Lackawanna College Predicts 90,000 New Jobs from Marcellus Drilling, Offers New Degree in Oil & Gas Production Technology

It seems drilling in the Marcellus is not only good for landowners and energy companies, but also for education and jobs. From an article published on iStockAnalyst (reprinted from The Daily Review, Towanda, PA):

Lackawanna College will begin offering an associate’s degree this fall in natural gas technology to prepare students to work in the growing local natural gas industry, and many of the required courses for the degree will be offered at the college’s Towanda Center.

In addition, Lackawanna College will soon start giving accounting students at the college’s Towanda Center the option of customizing their degree to prepare them to work in the accounting side of the natural gas industry, said Larry D. Milliken, director of energy programs at the college.

And the college is in the process of contracting with Sage Technical Services of Vestal, N.Y., so that its Towanda Center can again offer training to students who wish to obtain a commercial driver’s license, as there will be a large number of trucks required when drilling for gas, he said.

And this on the number of new jobs that will be created from Marcellus drilling activities:

“Development of the Marcellus Shale gas is expected to generate over 90,000 jobs over the next 20 years,” states a press release from Lackawanna College, which this week announced the launching of the natural gas technology program. “This kind of job growth and economic stimulus to northeastern Pennsylvania will be transforming to our region and to the lives of those people who get the technical education and training needed to take advantage of the best job opportunities as they arise.”

The new applied science degree in Oil and Gas Production Technology will be available at the college’s main campus in Scranton, and some of the other satellite locations, in addition to Towanda.

For more information about the new program, read the article Lackawanna College to Offer Natural Gas Technology Degree, read Lackawanna College’s news release, or contact Lackawanna College‚Äôs Department of Continuing Education at (570) 961-7883.

West Virginia DEP Wants Your Comments on Water Use in Marcellus Drilling

From an article in the Charleston Daily Mail (obviously adapted from a press release):

CHARLESTON, W.Va. — The state Department of Environmental Protection announced it is seeking public comment on a draft document that addresses drillers’ water use and disposal in the Marcellus Shale formation.

Department secretary Randy Huffman said in a prepared statement, “New advancements in drilling technology have created increased interest in exploring the Marcellus Shale formation in New York, Pennsylvania, and recently in West Virginia. What we are concerned about is the increase in the amount of water used and the disposal of wastewater that results from using these new drilling techniques.”

The department will accept comments about the document until April 17. The document can be viewed online at Comments about the draft can be submitted by e-mail to [email protected] or mailed to the Public Information Office at 601 57th Street SE, Charleston, WV 25304.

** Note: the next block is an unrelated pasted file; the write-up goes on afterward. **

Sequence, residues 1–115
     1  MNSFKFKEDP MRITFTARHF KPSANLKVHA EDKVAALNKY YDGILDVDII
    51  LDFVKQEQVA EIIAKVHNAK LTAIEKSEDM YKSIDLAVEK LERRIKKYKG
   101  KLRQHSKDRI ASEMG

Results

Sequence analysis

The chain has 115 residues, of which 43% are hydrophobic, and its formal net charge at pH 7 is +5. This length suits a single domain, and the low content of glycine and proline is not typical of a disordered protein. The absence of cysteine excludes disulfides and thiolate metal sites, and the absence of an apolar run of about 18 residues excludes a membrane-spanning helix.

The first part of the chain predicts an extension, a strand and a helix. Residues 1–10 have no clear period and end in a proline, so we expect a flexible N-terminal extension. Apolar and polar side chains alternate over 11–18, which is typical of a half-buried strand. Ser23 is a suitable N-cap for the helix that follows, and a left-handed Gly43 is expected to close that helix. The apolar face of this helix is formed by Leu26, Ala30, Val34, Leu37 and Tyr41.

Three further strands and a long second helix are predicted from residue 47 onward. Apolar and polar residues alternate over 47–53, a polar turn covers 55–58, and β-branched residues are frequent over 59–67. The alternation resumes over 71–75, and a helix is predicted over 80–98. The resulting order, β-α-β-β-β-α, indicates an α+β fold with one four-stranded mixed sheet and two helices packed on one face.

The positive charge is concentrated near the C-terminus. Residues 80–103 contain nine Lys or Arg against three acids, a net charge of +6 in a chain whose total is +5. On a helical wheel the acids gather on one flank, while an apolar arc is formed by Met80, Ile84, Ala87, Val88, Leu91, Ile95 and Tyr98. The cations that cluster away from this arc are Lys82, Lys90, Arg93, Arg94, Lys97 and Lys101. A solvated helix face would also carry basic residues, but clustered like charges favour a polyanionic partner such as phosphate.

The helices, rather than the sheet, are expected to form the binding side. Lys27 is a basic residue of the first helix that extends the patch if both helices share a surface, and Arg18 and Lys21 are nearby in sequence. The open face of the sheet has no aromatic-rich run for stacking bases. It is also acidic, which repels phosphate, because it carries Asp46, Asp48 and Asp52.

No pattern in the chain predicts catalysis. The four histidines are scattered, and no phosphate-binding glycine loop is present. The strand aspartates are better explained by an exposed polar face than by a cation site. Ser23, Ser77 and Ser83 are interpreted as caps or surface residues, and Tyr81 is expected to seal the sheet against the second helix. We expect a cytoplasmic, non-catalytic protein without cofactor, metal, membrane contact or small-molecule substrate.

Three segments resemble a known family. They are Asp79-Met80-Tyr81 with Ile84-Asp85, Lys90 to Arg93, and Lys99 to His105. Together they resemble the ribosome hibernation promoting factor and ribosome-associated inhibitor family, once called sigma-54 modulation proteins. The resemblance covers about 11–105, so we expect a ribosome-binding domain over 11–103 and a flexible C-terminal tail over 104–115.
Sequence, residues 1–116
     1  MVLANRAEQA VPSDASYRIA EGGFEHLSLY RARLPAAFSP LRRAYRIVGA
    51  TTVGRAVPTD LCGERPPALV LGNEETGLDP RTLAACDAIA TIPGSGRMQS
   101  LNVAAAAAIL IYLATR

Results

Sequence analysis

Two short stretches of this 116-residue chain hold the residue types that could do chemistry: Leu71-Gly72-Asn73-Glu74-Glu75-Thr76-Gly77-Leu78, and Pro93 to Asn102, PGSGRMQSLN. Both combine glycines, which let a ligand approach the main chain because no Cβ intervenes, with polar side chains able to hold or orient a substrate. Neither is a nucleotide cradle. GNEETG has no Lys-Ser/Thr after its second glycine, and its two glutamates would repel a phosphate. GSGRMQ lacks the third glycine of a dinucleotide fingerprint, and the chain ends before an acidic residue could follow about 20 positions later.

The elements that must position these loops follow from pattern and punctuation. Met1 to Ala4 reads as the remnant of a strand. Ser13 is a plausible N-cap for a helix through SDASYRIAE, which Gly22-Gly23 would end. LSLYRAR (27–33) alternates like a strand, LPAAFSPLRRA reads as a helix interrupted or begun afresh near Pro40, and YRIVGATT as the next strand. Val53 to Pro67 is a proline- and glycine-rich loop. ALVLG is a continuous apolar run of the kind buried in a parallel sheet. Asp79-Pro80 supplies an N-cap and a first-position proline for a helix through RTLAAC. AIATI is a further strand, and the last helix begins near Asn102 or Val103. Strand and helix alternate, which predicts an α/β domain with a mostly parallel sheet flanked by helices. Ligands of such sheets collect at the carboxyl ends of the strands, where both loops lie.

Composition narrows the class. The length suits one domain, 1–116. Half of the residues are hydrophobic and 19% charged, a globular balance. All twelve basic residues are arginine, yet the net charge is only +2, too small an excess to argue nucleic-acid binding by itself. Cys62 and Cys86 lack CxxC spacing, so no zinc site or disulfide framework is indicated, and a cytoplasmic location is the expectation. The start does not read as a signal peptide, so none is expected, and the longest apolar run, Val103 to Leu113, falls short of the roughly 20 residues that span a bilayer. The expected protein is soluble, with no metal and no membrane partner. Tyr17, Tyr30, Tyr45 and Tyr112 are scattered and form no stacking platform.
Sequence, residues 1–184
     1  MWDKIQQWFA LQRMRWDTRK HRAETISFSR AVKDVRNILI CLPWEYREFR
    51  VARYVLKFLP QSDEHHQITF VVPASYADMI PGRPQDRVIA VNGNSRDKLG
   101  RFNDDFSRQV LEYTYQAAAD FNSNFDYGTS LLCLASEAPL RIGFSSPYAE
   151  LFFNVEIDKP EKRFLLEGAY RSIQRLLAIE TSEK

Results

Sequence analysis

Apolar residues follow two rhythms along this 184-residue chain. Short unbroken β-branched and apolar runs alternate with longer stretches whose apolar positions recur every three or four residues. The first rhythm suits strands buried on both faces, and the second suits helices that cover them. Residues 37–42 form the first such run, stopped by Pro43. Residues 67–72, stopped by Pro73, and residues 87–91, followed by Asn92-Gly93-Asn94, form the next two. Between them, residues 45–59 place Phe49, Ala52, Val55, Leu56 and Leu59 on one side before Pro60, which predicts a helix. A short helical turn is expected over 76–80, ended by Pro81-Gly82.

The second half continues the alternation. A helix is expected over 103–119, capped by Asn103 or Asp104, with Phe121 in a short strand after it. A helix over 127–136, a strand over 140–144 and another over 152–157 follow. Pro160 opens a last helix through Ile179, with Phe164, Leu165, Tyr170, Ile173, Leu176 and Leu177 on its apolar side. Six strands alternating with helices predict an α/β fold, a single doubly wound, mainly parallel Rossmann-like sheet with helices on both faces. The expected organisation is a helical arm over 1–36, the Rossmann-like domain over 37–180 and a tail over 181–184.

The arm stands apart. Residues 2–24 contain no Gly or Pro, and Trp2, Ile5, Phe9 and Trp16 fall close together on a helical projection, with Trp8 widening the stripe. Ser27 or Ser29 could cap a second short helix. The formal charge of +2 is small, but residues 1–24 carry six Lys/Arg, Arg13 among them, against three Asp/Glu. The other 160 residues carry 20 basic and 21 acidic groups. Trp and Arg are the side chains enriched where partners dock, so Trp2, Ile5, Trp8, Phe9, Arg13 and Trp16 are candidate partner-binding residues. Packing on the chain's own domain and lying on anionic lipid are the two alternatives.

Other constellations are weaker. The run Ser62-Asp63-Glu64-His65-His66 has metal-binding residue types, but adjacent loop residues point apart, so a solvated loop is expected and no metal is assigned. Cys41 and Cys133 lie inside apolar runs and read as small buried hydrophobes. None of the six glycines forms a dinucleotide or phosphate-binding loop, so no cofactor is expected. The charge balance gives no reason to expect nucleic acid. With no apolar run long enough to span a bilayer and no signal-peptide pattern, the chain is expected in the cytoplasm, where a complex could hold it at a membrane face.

Make your voice heard! You have until two days after tax day to comment.

Direct link to the draft document: Guidance Document.pdf

Three Jay Township Supervisors Reject Access to Water for EOG Resources

Three Jay Township supervisors have voted to deny access to water to EOG Resources for drilling in Elk County, Pennsylvania. EOG had requested access to the Bennetts Branch of the Sinnemahoning Creek by driving across township-owned land, specifically near a ball field.

According to the Courier-Express/Tri-County Sunday (DuBois) newspaper:

During Thursday’s Jay Township Supervisors meeting, the supervisors said they would not give EOG permission to use township land to access the stream because they still have a lot of unanswered questions.

EOG wants to withdraw the water for gas drilling in the Marcellus Shale, Supervisor Murray Lilley said.

Since October or November 8, the township has received three requests to withdraw water from various streams in the township, Supervisor Bob Coppolo said.

In each case, a letter was written by the supervisors to the Susquehanna River Basin Commission and copied to elected officials and the Department of Environmental Protection expressing concern.

The township is concerned about having water trucks going in and out of a recreation area where youth gather and play.

There are also questions of if the township would be liable if anything happens since it would be on township property.

And this interesting comment:

Asked by a resident if the township had to allow the company access to the stream, Coppolo said, “It’s our property.”

Although it is a favorable time economically to have this type of work, it is also important to preserve the community and the beauty of the area, he said.

Marcellus Drilling News thoughts: Hopefully Supervisor Coppolo means “our” as in the people of the township and not the private fifedom of he and his fellow supervisors. We encourage Supervisor Coppolo to talk with ALL of the people in the township, including landowners who have leased their property for drilling.

Read the full article: Township denies request to access water